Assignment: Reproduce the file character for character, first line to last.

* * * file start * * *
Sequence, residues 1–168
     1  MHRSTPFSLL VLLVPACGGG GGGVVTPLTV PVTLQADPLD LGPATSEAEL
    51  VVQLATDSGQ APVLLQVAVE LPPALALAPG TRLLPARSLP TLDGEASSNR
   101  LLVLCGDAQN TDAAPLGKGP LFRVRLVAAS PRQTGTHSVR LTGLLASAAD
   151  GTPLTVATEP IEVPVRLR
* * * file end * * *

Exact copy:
Sequence, residues 1–168
     1  MHRSTPFSLL VLLVPACGGG GGGVVTPLTV PVTLQADPLD LGPATSEAEL
    51  VVQLATDSGQ APVLLQVAVE LPPALALAPG TRLLPARSLP TLDGEASSNR
   101  LLVLCGDAQN TDAAPLGKGP LFRVRLVAAS PRQTGTHSVR LTGLLASAAD
   151  GTPLTVATEP IEVPVRLR